Analyst: Apple to release ‘AppleVision’ set-top box ‘TiVo killer’

“Most Apple watchers are spending their time gaping at the current runaway success of the company and speculating about what the company’s Next Big Thing might be. The current odds seem to be on the much-rumored iPhone finally debuting–albeit first in Japan (see related story). But some coy remarks dropped by Apple CEO Steve Jobs at the annual shareholders’ meeting in April, coupled with a column in early May by the Wall Street Journal’s Walter Mossberg–who boldly asserted that an Apple media hub will be finally forthcoming–caused the buzz about an Apple-dominated living room to ramp up to a full throttle,” Alice LaPlante reports for InformationWeek. “‘It’s fairly easy to see where Apple is going,’ says Charlie Wolf, an analyst at Needham & Co. ‘The home is the next major battleground between a diverse set of players–whether they are PC companies or consumer electronics firms–and Apple intends to be a aggressive participant.'”

“Ease of use is the primary issue: consumers can’t be bothered with worrying about interfaces and complicated cables and instructions. ‘It has to be as easy to use and as reliable as a toaster,’ says Munster,” LaPlante reports. ‘Most people are very dissatisfied with the current offerings, and for that reason would welcome Apple’s contribution,’ says John Gruber, a prominent Apple blogger who runs the Web site Flaming Fireball.”

MacDailyNews Note: Gruber’s site is Daring Fireball: http://daringfireball.net/ (highly recommended)

LaPlante continues, “Apple is definitely behind the pack when it comes to announcing its intentions. The company has yet to define a comprehensive vision for the digital home, and so Apple watchers are–once again–forced to read between the lines. (At the company’s annual meeting, when told by a shareholder that everyone was eagerly awaiting the ‘ultimate media center,’ Jobs replied only ‘we hear you loud and clear.’)”

LaPlante reports, “Still, analysts say that the pieces are falling into place. With the introduction of the Intel-based Mac Mini in early 2006, Apple finally had a viable digital media server (the Mac Mini) that worked with a long-distance interface (Front Row), and a wireless network (AirPort). The major functionality missing at this point is the ability to directly view and record live television, according to Tim Deal, a senior analyst with Technology Business Research. ‘You can get that from third parties, but Apple needs it to complete its own portfolio,’ says Deal.”

“Some Apple watchers believe that Apple will introduce an IP/video set-top box that will bring the Internet and video downloads directly to the TV. Josh Bernoff, an analyst at Forrester Research, has predicted just that. He expects that current and future Apple technology will cumulate in a device he calls “AppleVision,” which will include digital video recording (DVR) capabilities that would make it an effective Tivo killer,” LaPlante reports.

“Indeed, many people are betting against the PC as the hub of the digital living room. It’s simply not reliably enough, for starters. In addition to all the other complexity, you’ve got ‘blue screens of death,’ viruses, and other malware that creeps in when PCs get involved in the hardware and software mix, says Phillip Swann, president of TVPredictions.com. ‘PC-based entertainment systems have a limited appeal, and will never reach the mainstream,’ declares Swann. ‘They are too complicated and confusing and designed with excessive features.'”

MacDailyNews Take: Everything we’re ever read from “Swanni” regarding Apple is complete nonsense (see related articles below). This is no exception. The obviously Windows-only “Swanni” doesn’t know that Macs don’t BSOD, have no viruses, etc. Microsoft Windows is too complicated and confusing and designed with excessive features. Apple does things different(ly).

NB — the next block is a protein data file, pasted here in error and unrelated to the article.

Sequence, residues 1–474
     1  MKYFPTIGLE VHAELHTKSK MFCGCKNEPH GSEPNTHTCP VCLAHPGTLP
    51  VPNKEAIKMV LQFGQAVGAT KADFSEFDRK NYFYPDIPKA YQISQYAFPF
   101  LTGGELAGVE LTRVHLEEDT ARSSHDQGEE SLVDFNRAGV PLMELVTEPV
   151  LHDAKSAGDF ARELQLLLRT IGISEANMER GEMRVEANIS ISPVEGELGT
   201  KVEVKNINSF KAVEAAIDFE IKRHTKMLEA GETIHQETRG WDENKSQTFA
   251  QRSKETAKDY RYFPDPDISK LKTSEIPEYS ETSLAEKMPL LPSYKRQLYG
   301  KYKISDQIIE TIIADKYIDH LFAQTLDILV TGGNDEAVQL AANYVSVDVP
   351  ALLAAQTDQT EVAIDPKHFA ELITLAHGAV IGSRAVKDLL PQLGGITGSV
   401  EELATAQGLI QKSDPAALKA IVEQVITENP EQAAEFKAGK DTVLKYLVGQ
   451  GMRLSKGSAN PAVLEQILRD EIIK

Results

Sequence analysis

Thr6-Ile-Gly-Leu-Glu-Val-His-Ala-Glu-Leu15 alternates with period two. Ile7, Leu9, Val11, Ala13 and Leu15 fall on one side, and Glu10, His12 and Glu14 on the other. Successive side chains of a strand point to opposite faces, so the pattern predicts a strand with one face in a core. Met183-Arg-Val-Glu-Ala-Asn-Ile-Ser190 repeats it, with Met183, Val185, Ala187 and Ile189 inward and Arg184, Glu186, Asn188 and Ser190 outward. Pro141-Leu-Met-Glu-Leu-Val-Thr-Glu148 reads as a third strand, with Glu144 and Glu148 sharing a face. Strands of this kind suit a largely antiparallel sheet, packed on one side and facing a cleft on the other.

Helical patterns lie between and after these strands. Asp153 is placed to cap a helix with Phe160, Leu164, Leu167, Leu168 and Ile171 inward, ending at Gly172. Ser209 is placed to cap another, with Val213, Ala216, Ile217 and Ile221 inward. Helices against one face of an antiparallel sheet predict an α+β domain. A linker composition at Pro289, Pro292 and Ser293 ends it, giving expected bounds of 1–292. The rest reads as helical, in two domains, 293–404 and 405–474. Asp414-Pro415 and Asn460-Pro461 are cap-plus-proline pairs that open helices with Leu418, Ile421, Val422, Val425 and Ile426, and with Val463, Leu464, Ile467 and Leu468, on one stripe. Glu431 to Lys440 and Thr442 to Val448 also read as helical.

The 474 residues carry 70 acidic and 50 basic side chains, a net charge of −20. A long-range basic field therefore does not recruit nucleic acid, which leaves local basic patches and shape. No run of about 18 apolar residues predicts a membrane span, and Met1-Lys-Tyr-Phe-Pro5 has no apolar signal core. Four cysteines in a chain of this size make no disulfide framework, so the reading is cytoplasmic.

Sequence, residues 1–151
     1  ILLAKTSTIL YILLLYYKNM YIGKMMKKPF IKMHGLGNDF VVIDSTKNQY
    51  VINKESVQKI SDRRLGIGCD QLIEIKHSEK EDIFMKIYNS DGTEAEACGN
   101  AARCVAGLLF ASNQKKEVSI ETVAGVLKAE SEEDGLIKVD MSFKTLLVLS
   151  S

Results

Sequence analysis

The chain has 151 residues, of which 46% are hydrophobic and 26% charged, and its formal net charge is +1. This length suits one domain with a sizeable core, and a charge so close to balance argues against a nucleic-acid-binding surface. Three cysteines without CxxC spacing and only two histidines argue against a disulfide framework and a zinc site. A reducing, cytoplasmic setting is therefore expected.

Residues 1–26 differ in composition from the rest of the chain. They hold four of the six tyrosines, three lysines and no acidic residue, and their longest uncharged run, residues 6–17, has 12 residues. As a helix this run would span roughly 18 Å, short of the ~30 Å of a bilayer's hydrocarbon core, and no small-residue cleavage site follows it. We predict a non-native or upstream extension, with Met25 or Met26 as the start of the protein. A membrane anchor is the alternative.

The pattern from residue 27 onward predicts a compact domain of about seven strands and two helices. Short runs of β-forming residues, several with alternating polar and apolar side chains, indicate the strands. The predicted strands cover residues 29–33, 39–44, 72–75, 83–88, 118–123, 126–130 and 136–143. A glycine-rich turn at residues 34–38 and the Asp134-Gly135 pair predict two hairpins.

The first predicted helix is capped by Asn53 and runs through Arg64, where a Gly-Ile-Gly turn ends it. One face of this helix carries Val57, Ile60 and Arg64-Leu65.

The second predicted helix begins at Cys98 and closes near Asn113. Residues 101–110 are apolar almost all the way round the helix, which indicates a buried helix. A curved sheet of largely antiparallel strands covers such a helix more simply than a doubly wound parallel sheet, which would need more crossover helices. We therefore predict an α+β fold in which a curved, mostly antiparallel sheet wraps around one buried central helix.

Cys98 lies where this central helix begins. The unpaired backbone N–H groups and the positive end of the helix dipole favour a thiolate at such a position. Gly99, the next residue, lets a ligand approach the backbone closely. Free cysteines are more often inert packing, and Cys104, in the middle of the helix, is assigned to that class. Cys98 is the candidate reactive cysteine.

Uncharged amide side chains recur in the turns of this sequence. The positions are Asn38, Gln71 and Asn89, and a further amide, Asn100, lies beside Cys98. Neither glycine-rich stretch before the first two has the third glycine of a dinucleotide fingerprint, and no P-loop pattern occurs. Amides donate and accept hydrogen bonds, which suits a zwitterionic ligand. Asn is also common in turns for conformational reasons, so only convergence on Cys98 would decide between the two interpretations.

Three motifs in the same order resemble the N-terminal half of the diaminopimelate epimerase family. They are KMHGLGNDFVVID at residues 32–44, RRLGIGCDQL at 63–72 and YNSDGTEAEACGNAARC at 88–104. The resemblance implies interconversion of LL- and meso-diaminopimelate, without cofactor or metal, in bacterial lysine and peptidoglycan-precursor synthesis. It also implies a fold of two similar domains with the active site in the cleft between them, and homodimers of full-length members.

LaPlante continues, “An end-to-end solution works when content choice isn’t an issue, points out Michael Gartenberg, an analyst at Jupiter Research. The Mac failed largely because consumers wanted choices in their PC hardware and software.”

MacDailyNews Take: The Mac did not fail. 99% of people using a personal computer today use a real Mac or an upside-down and backwards Mac derivative (Windows.) Consumers in the early days of personal computing (and still today) bought Windows because they lacked the knowledge to make an informed choice. Choosing solely by lowest sticker price is not a smart way to buy a personal computer. People today still buy Windows simply because their friends buy Windows and their workplace uses Windows. They’re not “choosing” Windows, they just don’t know any better. In fact, people who actually use both Mac and Windows overwhelmingly choose Mac.

LaPlante continues, “Ted Schadler, an analyst at Forrester, adds that Apple has ‘defied conventional wisdom’ in all sorts of ways and will probably continue to do so. ‘The main thing is that Apple listens to its customers. It has the voice of the consumer in mind, and it designs for that buyer, and as the only computer company that does that, that makes it unique.'”

Full article here.

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Related articles:
Does Apple face delivery issue if they want to sell movies via iTunes Store? – June 28, 2006
TV analyst says Apple’s video-capable iPod is a bust because he says so – May 03, 2006
Notes from Apple shareholders’ meeting: ‘exciting’ TV ad campaign to launch next week – April 27, 2006
TV analyst blows it, says Apple’s 12 million video downloads ‘a big disappointment’ – February 08, 2006
If Front Row can stream movie trailers from Apple, why not whole movies? – January 06, 2006
TV analyst’s uninformed prediction: ‘video iPod will be Steve Jobs’ folly’ – October 12, 2005

44 Comments

  1. As nice as this would be…I just don’t see this happening. Here’s the fundamental issue: to get anything beyond basic cable, you need a converter box from your cable company. Now, unless Apple is somehow going to partner with cable companies and integrate a cable company’s tuner with Apple’s DVR/software, it’s going to be a kludgy solution at best. You’d be asking Apple hardware to change the channel on your cable company’s tuner. TiVo already tried that, and it failed miserably–which is why they went the route of integrating their software directly into the cable company’s hardware (DireTV, and soon Comcast).